2. Electricity supply alternatives which together with improved grid distribution gives better competition and keeps down electricity bills for consumers.

3. Transport alternatives (using electricity, hydrogen and other energy sources), which give variety of choice and competition advantages for consumers, additionally reducing the dependency on oil imports.

4. No trade problems: Unlike Cap and Trade, which involves cement, steel and other industries having to face imports from unregulated countries, the here suggested electricity and transport changes are not just more limited, but also largely local. Since there is little competition between say utility companies internationally, “best practice” results can be compared and shared.

Funding and Impact
Equity and long term loan finance can be used: Long term industrial loans from financial institutions, particularly if federal/state guaranteed, give low yearly interest repayments and lessen the effect on electricity bills or transport cost.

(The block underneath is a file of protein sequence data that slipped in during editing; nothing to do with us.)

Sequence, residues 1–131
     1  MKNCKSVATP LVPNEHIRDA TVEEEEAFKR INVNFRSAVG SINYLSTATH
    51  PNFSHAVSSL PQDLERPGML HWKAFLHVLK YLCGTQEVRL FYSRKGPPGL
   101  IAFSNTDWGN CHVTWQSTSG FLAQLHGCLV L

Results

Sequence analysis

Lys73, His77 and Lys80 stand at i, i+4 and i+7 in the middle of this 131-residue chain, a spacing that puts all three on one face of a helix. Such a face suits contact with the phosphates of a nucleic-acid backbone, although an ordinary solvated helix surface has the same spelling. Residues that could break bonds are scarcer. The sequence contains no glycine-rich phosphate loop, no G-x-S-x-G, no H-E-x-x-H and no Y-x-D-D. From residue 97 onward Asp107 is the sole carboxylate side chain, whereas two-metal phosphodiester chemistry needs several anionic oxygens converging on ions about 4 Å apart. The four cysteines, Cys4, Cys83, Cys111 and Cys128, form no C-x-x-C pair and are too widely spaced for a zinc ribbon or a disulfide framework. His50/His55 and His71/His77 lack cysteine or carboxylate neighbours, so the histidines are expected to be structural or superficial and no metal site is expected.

Compare with
today’s all-encompassing Cap and Trade (emission trading) suggestions, with unpredictability, expense, and needless disruption from normal business practice on one hand, or unnecessary profiteering from free allowance handouts with little actual emission reduction on the other hand – together with extensive -and unnecessary- regulation on what people can or can’t buy and use.

Understanding why proposed Cap and Trade is bad, in USA and elsewhere
Basic Idea — Offsets — Tree Planting — Manufacture Shift — Fair Trade — Surreal Market — Real Market — Allowances: Auctions + Hand-Outs — Allowance Trading — Companies: Business Stability + Business Cost — In Conclusion

The Way Forward
Introduction — Funding and Impact —No Energy Efficiency Regulation — A New Electric World
Electricity Generation — Distribution
Transport Power Generation — Regulation — Taxation


The leaders of the United States, China and India have got to show resolute willingness to comply with these laudable aims to reduce green-house gases by 2050. We have an undeniable responsibility towards future generations. The framework for public policy is a blue-print for nations which hopefully will reduce pollution levels significantly even if targets are not reached.